We had ours this evening with a side of clementine oranges. And we'll have some tasty leftovers for breakfast! Correction: I will have some tasty leftovers tomorrow. JR liked it so much that he already ate two servings!

Monday, February 2, 2009

eggplant marinara

No, eggplant is not currently in season in California. But I'm out of veggies from last week's CSA box and a walk past the shiny purple plants at the grocery store (plus the fact that it's been months since I've had one) was more than I could pass up today. Pair it with some marinara and cheese for a super tasty (and easy to make) main dish. Here's what I did:

Eggplant Marinara

olive oil
1 medium eggplant, sliced about 1/2 inch thick
2 c. marinara sauce
8 oz. mozzarella, grated
1/4 c. parmesan, grated

Pan fry eggplant in olive oil over medium heat until tender, 2-3 minutes per side. Depending on the size of the pan (and the eggplant), you'll probably have to do this in a couple of batches.

Cover the bottom of a baking dish with marinara sauce (I'll post a recipe soon - for tonight's weeknight version, I used pre-made). Layer eggplant, sauce, and mozzarella, finishing with the remaining mozzarella and parmesan.

Bake in a 375 degree oven for 20 minutes. Broil for 2 minutes or until the top begins to brown.

Tonight, I paired the eggplant with a spinach salad. It probably should have been enough for 3-4 servings, but it tasted so good that we ate every bit of it! Hopefully that will hold us over a few months until we can get some fresh eggplant from the local farmers market!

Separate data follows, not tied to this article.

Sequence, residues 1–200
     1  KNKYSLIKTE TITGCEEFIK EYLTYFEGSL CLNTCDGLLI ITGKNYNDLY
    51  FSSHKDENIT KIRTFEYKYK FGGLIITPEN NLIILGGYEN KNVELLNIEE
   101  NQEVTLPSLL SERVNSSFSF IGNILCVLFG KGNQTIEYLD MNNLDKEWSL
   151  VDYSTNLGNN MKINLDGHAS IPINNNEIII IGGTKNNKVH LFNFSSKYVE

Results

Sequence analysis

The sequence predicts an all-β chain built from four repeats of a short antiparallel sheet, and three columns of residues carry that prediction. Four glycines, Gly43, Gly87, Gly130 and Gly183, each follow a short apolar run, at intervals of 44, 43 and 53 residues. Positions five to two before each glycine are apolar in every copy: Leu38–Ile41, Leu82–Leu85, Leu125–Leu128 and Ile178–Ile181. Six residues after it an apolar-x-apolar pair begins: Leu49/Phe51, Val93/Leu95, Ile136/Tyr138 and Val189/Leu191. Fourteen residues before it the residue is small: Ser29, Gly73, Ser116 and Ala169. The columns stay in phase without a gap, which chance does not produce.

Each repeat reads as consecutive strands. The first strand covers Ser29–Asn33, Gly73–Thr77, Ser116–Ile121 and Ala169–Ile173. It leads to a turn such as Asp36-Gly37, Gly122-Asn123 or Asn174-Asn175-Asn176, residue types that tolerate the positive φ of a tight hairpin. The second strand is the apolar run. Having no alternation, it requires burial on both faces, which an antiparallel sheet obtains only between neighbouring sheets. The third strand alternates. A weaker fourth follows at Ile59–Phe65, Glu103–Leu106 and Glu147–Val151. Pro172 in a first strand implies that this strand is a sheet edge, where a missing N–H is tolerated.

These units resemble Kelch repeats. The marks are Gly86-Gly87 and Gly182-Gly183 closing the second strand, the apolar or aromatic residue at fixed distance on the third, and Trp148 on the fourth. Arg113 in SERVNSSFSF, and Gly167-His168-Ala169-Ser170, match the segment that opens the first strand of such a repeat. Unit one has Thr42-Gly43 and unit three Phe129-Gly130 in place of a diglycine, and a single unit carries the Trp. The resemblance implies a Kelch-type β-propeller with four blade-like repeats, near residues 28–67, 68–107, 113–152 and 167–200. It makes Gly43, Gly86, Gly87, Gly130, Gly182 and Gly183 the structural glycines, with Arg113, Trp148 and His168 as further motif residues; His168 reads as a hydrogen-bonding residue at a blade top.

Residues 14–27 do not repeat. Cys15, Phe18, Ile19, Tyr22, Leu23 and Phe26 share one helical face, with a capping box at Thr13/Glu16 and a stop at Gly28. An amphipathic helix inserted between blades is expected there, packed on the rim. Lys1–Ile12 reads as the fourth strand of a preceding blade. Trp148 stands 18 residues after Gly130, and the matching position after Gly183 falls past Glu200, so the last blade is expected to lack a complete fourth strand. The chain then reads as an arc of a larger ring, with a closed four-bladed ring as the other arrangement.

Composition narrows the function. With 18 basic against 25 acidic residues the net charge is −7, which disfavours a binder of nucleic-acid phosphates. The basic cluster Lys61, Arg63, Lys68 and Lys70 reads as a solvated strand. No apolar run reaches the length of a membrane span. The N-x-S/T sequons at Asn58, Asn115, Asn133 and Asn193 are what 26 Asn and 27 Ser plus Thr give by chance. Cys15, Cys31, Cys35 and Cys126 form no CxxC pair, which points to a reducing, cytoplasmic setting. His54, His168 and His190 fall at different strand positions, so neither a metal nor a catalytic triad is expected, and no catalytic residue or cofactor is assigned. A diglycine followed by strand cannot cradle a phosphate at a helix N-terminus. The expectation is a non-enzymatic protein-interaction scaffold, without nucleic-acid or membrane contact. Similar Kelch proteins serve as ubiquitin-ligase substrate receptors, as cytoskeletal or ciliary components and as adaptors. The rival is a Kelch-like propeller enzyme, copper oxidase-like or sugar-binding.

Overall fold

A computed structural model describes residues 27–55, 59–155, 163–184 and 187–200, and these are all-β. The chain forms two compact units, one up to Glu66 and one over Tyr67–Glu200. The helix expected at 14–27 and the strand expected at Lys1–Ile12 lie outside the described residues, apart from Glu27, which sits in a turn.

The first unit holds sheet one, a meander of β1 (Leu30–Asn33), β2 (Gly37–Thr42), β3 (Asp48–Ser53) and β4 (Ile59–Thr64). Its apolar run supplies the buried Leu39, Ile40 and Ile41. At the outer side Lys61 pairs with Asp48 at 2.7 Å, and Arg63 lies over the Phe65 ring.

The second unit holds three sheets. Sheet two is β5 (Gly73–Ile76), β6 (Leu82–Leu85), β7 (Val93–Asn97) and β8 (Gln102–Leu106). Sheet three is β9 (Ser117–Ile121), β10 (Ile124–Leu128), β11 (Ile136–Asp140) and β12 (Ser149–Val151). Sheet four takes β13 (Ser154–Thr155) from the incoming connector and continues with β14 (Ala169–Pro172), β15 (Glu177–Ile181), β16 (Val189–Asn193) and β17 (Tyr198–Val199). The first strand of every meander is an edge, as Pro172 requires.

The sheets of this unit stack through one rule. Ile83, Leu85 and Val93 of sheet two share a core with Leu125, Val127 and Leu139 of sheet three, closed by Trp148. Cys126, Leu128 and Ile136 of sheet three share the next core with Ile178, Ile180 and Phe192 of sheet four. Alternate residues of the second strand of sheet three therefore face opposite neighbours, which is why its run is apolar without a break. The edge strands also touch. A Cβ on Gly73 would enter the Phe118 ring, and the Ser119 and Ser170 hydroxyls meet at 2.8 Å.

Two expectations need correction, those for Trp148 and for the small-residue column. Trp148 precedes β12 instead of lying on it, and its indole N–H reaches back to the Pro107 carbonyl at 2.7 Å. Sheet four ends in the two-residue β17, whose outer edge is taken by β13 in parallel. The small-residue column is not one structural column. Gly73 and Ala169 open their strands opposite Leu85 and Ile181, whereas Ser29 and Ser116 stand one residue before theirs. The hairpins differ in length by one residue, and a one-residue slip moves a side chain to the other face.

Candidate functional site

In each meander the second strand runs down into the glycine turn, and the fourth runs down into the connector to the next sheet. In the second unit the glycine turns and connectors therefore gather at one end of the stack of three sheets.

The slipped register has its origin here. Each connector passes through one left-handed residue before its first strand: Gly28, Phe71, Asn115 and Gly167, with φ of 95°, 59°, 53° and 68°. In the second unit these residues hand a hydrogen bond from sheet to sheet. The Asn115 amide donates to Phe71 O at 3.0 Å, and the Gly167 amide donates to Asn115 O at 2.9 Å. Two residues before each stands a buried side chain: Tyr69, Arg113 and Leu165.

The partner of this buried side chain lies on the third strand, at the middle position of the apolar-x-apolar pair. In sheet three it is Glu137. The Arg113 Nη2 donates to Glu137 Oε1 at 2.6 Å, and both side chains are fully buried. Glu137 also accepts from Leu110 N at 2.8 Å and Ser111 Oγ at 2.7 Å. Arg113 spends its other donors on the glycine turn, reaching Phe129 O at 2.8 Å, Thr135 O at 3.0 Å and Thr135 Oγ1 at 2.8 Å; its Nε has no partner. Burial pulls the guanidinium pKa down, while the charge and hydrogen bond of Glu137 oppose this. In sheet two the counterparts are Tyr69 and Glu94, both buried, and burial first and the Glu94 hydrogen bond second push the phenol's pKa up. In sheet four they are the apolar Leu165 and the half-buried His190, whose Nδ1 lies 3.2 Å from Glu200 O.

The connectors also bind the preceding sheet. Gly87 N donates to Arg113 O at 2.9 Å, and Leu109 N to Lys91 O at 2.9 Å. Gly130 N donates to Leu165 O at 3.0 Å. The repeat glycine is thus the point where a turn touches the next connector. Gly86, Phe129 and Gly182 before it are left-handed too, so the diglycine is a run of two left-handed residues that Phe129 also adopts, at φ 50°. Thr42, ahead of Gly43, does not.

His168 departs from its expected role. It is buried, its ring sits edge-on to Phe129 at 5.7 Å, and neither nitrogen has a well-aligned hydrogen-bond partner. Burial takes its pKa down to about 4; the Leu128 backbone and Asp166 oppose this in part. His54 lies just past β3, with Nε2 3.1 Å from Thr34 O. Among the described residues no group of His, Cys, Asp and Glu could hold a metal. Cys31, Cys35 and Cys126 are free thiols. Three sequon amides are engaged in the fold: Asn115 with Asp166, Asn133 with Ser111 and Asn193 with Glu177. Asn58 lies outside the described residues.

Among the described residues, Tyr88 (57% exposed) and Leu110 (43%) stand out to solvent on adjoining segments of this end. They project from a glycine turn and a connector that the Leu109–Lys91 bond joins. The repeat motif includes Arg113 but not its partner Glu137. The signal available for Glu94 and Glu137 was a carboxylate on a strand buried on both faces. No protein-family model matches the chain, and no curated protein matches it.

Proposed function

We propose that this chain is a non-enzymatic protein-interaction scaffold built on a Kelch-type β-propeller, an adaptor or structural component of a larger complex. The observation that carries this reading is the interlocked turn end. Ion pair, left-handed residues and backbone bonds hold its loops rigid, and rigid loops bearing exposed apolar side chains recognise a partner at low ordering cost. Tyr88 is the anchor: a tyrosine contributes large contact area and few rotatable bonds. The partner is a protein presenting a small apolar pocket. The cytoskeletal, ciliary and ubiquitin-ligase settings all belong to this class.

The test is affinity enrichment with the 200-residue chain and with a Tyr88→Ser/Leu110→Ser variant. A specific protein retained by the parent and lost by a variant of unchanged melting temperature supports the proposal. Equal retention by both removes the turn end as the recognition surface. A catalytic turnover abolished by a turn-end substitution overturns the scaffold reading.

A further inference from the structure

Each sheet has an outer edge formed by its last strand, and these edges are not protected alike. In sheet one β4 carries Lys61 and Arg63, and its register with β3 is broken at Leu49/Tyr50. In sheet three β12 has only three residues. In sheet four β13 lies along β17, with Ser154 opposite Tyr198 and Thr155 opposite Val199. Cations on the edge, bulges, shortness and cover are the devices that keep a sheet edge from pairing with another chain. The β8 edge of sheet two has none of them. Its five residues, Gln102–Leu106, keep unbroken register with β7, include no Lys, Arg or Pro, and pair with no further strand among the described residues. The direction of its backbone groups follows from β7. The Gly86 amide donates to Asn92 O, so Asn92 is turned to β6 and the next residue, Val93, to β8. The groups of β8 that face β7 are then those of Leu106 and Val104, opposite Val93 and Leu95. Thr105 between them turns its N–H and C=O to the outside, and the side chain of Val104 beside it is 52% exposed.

Sunday, February 1, 2009

spicy, salty, sweet brussels sprouts

JR hates Brussels sprouts. He holds his hand over his face and jokes that he's going to leave the house if I bring them home when I even take a step toward them at the grocery store. So during the past 6+ years of our cohabitation, I abstained from bringing them into the house (even though I think they're GREAT). Until they started showing up in the CSA box, that is. I can't very well throw out perfectly good veggies, now can I? (THANK YOU, FFTY, for bringing the little sprouts back into my life!).

An internet search and some recipe tweaking led me to my new favorite Brussels sprouts. I grabbed the opportunity to make them while JR was watching the Superbowl (he was already yelling at the TV, so I didn't figure yelling about the smelly sprouts would make much of a difference!).

Give it a try and let me know what you think!

Spicy, Salty, Sweet Brussels Sprouts

1 Tbsp. olive oil
3 cloves garlic, crushed
about 25 Brussels sprouts
1 Tbsp. red pepper flakes
1 Tbsp. dark brown sugar
1 Tbsp. basalmic vinegar